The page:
I’m almost at the end of my price-based gift guides, rounding out this week’s selections with beautiful high-quality gifts that are $50 and under. In my family we do a “Secret Santa” process so we rotate who gets who a gift every year. Our price limit is always $50 and we all work very hard to find the best and most meaningful pieces we can in that range. I kept a wide range of recipients in mind, from hosts and hostesses to business owners, cooks and gardeners. Hopefully one of these pieces will help someone on your list start a new tradition at home or work. xo, grace
Today’s first DIY project comes from Tinca and Evgen of the blog Hello Yellow House. Based in Ljubljana, Slovenia, these talented architects have spent the last year restoring a home and documenting their projects online. As the holiday season got closer, they decided they wanted to make decorations that suited their modern style, while avoiding plastic as much as possible. So instead, they came up with this beautiful, minimalist wooden tree that uses a steel bar to let the tree branches turn and move. I loved the project so much I asked Tinca and Evgen if we could share it here and thankfully, they were game! I know so many people don’t have the time or interest in bringing real trees home, so if you’re looking for something a bit more modern, without the sticky sap residue, this project is for you. xo, grace
*This project involves metal and welding, so please be sure you’re comfortable or familiar with welding tools before attempting.
Writing a book is often compared to having a baby. While the two are vastly different in a lot of ways, most people who work in publishing reference the fact that you sometimes forget about the most difficult parts when you get the joy of holding the final product in your hands. I definitely felt that way after we finished our first book and now that I’m writing our second, I feel like I’m much more relaxed and “go-with-the-flow” this time around. I honestly feel like a part of a family at Artisan and I am really happy to be a part of their lineup, but I also understand why so many people are choosing to self-publish these days. While it comes with a number of difficult hurdles to cross, it also offers up total creative freedom and a lot more control than most authors are able to get.
Last week we shared a delicious Turkey Lasagna recipe from Anna Watson Carl’s new cookbook, The Yellow Table: A Celebration of Everyday Gatherings, which she chose to self-publish on her own. Anna chose to crowd-fund the beginning of her process, but she was incredibly smart and inventive when it came to funding and producing her own book tour, which kept her goals and values at heart. I was so impressed with Anna’s process and the final product, that I asked her to do a special business post focused just on the process of self-publishing. If you’ve ever wondered about producing your own book or just want to know more about the process, I hope you’ll enjoy Anna’s words of wisdom as much as I did. xo, grace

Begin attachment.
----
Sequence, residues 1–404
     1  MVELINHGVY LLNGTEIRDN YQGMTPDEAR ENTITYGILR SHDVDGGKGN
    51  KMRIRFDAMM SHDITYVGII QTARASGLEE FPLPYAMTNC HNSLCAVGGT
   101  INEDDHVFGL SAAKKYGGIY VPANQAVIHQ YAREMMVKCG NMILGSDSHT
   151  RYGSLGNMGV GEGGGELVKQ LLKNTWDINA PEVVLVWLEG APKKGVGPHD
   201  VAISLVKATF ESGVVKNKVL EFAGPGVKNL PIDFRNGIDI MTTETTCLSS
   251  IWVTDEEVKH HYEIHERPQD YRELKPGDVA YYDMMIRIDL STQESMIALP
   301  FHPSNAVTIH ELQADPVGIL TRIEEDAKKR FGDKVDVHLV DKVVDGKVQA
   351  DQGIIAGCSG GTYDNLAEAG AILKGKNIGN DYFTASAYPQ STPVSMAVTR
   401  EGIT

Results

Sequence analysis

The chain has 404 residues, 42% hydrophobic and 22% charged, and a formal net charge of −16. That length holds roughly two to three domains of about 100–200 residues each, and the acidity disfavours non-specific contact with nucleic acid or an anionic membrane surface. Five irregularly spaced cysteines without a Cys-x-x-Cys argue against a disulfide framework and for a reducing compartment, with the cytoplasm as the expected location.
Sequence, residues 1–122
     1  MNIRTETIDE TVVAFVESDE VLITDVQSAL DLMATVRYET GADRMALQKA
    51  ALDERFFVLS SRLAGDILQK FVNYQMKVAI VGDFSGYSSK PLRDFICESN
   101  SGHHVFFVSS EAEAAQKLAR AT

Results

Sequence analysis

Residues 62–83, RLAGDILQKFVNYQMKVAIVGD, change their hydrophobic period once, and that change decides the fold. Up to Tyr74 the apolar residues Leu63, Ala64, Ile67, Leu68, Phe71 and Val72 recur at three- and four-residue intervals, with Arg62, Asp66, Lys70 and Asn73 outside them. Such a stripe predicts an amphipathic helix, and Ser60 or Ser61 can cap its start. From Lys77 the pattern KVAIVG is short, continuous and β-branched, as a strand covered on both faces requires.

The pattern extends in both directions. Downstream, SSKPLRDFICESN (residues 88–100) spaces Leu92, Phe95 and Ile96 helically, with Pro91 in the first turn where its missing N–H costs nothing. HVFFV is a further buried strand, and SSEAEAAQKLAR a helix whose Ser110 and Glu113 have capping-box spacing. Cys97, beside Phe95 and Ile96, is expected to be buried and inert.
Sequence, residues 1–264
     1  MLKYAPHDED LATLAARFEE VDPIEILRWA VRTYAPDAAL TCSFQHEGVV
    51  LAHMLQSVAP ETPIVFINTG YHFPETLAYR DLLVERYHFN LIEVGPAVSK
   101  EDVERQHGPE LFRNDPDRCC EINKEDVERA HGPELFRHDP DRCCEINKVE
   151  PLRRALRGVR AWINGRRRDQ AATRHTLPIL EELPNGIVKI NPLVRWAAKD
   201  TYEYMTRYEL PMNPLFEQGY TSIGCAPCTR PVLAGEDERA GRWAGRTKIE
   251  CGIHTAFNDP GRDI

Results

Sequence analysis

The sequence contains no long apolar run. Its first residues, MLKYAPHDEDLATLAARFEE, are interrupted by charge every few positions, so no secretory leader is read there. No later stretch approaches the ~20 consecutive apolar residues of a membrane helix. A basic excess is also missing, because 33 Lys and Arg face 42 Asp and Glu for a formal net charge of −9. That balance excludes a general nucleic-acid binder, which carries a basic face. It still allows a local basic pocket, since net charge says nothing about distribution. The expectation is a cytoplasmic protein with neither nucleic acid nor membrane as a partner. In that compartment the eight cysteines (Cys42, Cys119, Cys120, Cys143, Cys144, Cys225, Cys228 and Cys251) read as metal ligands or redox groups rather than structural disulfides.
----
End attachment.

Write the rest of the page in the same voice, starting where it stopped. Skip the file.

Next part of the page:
Sometimes, it turns out that being “in between things” is actually the best place to be. Darcy Allan of Tea With Gladys knew that she didn’t want to go back to working for someone else when she found herself without a job, so she decided to forge a new path, one that gave her the creativity and flexibility she had been looking for. Today Darcy shares a bit about the evolution of her online-to-in-person business and the many helpful bits of information she learned in the process. -Stephanie
Read the full interview after the jump…
Cleveland native and Navy PR founder, Mary Peffer appreciates all of the assets, features, and amenities a big city has to offer. As a previous NYC and LA dweller, it was actually her hometown of Cleveland that kept calling her name, and this past year she finally decided to return to her roots and reintegrate into the metropolitan city that is having a “rebirth” of its own right now. She shares with us some of the many shopping, dining and lodging gems this Ohio city has to offer, as well as some great must-see and -do options. -Stephanie
Read the full guide after the jump…
Whether you’re looking for something fun and colorful or something serious and helpful for around the office and house, today’s $25 and under gift guide has you covered. When I was searching for great finds, I was happy to find so much brass, wood and linen. Years ago it felt impossible to find anything $25 and under that wasn’t made of plastic or some sort of flimsy rubber composite. Now the market is full of great pieces from independent artist and shops that won’t break the bank. The wooden diamond box, ceramic cat dish and maple syrup from Westwind Orchard are my favorites, but hopefully there will be something here for everyone. xo, grace
When I was first living on my own and starting to decorate my apartment, I had this idea that artwork was only something that came from a store or gallery. I relied too often on what I saw in magazines and forgot to trust my own instincts about what I valued and wanted to display. Over time I swung to the other end of the pendulum and traded or gave away every piece of art I owned that wasn’t personally significant to me. While I still lean in that direction now, I’ve started to find a more comfortable middle ground where newer pieces can mingle with the smaller family and friend pieces and it doesn’t have to be all or nothing.